The European Company Statute came into force on 8 October 2004, but national delays stop companies from using it

The European Company Statute (in theory) came into force on 8 October 2004, over thirty years after it was first proposed by the Commission. The European Company Statute is a legal instrument based on European Community law that gives companies the option of forming a European Company - formally known by its Latin name of "Societas Europeae" (SE). A European Company can operate on a European-wide basis and be governed by Community law directly applicable in all Member States. As a European Company a business can restructure fast and easily to take advantage of the trading opportunities offered by the Internal Market.

A related Directive concerning worker involvement in European Companies entered into force at the same time. However, only six of the 28 EU and EEA Member States have implemented the regulations at national level necessary to allow European Companies to be set up on their territory. Until the rest do so, many companies operating in more than one Member State will be denied the option of being established as a single company under Community law and thus of being able to operate throughout the EU with one set of rules and a unified management and reporting system.

Only Belgium, Austria, Denmark, Sweden, Finland and Iceland have so far taken the necessary measures to allow European Companies to be founded on their territory, despite the fact that the European Company Statute was adopted at EU level in 2001.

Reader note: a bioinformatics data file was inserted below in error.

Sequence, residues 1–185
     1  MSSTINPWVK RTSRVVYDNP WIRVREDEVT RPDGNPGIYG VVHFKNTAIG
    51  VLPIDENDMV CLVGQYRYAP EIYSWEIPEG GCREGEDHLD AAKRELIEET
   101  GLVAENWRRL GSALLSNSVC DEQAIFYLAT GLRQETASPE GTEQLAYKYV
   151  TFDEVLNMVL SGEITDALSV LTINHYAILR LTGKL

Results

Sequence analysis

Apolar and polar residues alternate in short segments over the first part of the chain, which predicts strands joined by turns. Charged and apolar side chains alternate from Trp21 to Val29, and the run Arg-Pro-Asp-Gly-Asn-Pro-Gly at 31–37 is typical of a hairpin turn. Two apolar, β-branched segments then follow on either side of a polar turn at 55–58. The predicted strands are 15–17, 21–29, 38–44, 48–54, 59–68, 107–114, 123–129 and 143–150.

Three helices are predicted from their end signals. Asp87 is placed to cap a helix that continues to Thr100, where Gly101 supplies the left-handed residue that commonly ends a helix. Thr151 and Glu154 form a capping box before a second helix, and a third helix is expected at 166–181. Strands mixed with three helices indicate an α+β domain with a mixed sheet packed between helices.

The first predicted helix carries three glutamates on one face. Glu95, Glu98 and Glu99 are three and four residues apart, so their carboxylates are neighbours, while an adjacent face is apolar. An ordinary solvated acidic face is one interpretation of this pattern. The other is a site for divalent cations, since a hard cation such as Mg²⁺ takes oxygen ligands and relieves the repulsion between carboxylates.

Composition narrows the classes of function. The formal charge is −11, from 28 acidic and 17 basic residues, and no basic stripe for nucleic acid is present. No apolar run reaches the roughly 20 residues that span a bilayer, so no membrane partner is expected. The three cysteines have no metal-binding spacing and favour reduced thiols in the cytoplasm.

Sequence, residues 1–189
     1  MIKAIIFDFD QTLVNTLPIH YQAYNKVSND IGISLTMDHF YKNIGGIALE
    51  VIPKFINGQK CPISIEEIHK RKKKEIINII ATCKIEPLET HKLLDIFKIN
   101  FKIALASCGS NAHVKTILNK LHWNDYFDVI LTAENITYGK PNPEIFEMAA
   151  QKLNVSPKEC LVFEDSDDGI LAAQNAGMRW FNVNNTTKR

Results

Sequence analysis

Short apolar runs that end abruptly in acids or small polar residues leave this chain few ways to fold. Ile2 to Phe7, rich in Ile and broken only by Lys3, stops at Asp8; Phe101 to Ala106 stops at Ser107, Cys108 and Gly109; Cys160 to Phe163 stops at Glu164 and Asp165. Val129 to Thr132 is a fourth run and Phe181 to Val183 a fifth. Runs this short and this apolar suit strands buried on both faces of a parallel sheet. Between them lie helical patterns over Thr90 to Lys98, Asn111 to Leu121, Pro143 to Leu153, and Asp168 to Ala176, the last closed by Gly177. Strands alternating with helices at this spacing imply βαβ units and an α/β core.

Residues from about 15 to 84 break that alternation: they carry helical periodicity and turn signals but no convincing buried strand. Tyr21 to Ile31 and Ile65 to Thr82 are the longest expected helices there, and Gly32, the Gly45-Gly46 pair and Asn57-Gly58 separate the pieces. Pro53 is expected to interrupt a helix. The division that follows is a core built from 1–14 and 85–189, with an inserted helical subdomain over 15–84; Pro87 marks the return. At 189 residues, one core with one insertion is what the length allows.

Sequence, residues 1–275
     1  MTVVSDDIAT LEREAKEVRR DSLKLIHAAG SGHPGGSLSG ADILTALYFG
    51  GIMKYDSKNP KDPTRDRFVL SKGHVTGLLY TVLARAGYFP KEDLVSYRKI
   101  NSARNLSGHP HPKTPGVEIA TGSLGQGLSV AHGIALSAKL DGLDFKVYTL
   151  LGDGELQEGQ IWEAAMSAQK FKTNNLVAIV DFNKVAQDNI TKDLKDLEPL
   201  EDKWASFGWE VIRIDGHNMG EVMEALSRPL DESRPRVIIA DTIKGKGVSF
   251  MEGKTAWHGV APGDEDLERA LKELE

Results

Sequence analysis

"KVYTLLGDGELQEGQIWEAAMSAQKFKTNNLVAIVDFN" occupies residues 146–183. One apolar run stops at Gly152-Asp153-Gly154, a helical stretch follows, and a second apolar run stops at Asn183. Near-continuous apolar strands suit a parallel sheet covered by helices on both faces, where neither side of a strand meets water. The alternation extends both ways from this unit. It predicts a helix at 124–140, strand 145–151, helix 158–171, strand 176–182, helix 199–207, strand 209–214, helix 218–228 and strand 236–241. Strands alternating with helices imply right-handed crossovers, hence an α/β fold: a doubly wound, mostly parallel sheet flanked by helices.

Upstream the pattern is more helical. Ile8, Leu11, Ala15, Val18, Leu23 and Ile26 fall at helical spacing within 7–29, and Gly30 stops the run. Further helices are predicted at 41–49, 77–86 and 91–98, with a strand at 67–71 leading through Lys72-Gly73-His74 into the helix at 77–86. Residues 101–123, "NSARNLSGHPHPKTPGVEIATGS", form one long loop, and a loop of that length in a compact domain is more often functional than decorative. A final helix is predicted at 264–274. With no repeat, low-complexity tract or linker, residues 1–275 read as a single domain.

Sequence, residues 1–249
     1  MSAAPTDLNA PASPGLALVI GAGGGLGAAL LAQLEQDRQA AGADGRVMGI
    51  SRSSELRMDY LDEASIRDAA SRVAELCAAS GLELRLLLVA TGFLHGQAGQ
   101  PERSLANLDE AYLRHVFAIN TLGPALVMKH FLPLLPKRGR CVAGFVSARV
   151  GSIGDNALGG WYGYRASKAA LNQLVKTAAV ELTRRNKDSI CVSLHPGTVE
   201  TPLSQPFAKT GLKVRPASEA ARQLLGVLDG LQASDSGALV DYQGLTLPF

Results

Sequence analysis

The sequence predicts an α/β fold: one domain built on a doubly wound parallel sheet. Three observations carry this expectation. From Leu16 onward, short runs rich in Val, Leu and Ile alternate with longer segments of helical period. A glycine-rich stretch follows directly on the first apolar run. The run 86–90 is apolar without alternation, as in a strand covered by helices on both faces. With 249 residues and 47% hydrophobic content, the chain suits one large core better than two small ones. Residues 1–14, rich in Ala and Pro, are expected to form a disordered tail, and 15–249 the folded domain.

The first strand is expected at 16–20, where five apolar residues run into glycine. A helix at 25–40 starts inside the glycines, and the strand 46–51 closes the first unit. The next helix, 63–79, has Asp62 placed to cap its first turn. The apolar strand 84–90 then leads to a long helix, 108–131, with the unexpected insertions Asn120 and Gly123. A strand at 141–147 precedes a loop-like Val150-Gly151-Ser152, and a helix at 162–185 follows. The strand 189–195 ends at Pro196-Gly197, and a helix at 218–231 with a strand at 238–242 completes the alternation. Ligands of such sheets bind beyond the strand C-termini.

Under the European Company Statute, a European Company can be set up by the creation of a holding company or a joint subsidiary or by the merger of companies located in at least two Member States or by the conversion of an existing company set up under national law. The minimum capital requirement has been set at €120,000 so as to enable medium sized companies from different Member States to create an SE.

Under the accompanying Directive on employee involvement, the creation of a European Company requires negotiations on the involvement of employees with a body representing all employees of the companies concerned. If it proves impossible to negotiate a mutually-satisfactory arrangement then a set of standard principles applies, the exact nature of which depends on the format for worker participation in the companies concerned before the European Company was set up.

For the full texts of the Regulation on the European Company Statute and of the accompanying Directive on employee involvement, see:

The content of this article is intended to provide a general guide to the subject matter. Specialist advice should be sought about your specific circumstances.